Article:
Here’s a tough question — what’s the greatest innovation in the history of business?
The computer? Don’t make me laugh. The cellphone? Ridiculous.
No, the greatest business invention is the jacket.
Not the jacket you wear, but your other jacket, the one you leave on the back of your chair when you sneak out of the office and don’t want anyone to know.
The identity of the brilliant person who invented the “jacket on the chair” gambit has been lost to history, but we can certainly understand their motivation. Everyone who works in an office setting knows the horror of the executive pop-in — the unscheduled visit that has no real purpose or importance, unless it shows your boss that you’re AWOL.
The jacket on the chair keeps this from happening. It actually makes it possible for a hardcore slacker to stroll out of the office any time of the day, unseen and unpunished. The jacket stays. You go.
Hocus-pocus! The jacket exists, and you have disappeared.
Today, with so many people working from home (WFH), being invisible in the office is not really an issue, but a serious problem can arise when your co-workers are back in the office, visible as heck, and you truly are invisible, WFH in your pajamas.
This is serious stuff. After a career of being unknown and unnoticed, you don’t want the loving, supportive colleagues who are back to stab you in the back.
Marketing strategist Dorie Clark has four strategies to deal with this dilemma in “Staying Visible When Your Team Is in the Office … But You’re WFH,” a recent article in the Harvard Business Review.
No. 1. Overdeliver.
To make your presence known, you will have to do more work and do it faster, too. It’s the opposite of your in-office style of doing less work and doing it really slow.
If you are going to add actual work to your daily schedule — and I would definitely check with your physician before making such a drastic change — don’t be shy about letting your manager know. Clark warns against tooting your horn too loudly “if you don’t want to come across as a brown-noser.” Of course, a brown-noser is exactly what you want to be. The more your boss can count on you to slavishly support whatever nonsense they happen to be spouting, the less likely you are to find yourself in an HR death spiral to unemployment.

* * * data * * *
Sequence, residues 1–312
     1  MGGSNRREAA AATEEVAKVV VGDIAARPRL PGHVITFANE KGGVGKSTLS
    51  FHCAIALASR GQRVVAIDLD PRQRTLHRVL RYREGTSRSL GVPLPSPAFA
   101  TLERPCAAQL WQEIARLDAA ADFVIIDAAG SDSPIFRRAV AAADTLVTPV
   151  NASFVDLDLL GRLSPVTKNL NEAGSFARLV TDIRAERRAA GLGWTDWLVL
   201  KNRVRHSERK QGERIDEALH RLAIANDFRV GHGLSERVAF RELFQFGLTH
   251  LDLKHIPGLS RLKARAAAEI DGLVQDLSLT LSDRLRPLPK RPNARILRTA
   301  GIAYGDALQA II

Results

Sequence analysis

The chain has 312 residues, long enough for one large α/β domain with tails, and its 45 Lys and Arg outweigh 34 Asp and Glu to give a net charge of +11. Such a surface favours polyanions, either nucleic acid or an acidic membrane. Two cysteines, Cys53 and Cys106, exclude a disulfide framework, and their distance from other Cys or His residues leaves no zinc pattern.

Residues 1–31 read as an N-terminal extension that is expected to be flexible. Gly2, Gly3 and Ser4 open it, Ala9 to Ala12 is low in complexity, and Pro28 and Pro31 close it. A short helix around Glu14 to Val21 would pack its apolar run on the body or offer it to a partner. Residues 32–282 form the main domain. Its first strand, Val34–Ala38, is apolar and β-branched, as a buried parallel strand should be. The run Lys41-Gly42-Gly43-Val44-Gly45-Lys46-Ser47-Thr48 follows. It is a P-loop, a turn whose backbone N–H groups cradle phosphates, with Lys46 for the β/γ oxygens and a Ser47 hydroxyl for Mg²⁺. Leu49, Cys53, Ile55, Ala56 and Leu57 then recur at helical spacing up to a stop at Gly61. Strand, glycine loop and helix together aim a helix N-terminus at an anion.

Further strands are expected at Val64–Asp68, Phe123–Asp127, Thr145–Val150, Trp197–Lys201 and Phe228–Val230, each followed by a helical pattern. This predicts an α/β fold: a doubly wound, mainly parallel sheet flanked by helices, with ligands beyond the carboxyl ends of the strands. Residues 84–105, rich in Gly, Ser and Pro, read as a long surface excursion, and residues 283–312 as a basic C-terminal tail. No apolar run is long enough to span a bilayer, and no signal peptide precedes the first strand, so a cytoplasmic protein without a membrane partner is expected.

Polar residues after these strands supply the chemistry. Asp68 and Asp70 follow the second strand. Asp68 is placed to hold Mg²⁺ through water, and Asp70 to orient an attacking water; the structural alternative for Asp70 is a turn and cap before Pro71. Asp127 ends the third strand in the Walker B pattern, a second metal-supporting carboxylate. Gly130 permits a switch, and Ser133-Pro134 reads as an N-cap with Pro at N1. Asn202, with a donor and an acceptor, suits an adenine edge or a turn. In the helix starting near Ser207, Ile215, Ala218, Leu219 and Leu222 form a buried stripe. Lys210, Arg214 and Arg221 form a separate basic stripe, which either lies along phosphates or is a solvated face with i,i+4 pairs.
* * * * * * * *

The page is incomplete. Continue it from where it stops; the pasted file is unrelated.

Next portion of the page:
Want to make a real impression? Start taking on projects given to others on your team. In fact, to show what a superstar you are, turn in projects assigned to people at other companies.
For example, I have to write a report on how to increase the sales of Popsicle sticks in Siberia, which you can start working on right now. It’s due tomorrow.
No. 2. Develop ambient awareness.
To reestablish the “social glue” that keeps workplace friendships alive, resolve to go to the office one day a week, but make the day a night and don’t tell anyone you’re coming.
Use your visit to go through your co-worker’s desks and garbage cans, perusing the top-secret notes they pass back and forth when no one is looking. Interrupting a meeting to tell a team member that you “see they are getting hot and heavy with Terry from accounting” can reestablish that wonderful relationship you had with your colleagues when you all worked side-by-side and everyone was terrified about what your big mouth might reveal next.
No. 3. Make yourself physically visible.
Our expert recommends turning your video camera on during Zoom meetings, even if it’s not required. I recommend you keep your camera on all day and — why not? — all night, as well. Let your co-workers see you sleep and eat and take baths. Just don’t use too much lavender foam bath salts; it’s difficult to see you behind all those bubbles.
No. 4. Be easy to work with.
Being home, you’ll want to make extra sure that the infinitesimal amount of work you do produce is noticed.
Follow up each email to your manager with a phone call to confirm receipt. Make sure you call at least three times a day during the workweek and four times a day on weekends, with at least one phone call between 1 a.m. and 5 a.m. It shows that you are working 24/7.
In the next Zoom call, if your manager isn’t on the screen, but there is a jacket on their chair, you’ll know you’ve succeeded.
Hocus-pocus! You exist, and your manager has disappeared.
Bob Goldman was an advertising executive at a Fortune 500 company. He offers a virtual shoulder to cry on at [email protected] To find out more about Bob Goldman and read features by other Creators Syndicate writers and cartoonists, visit the Creators Syndicate website at www.creators.com.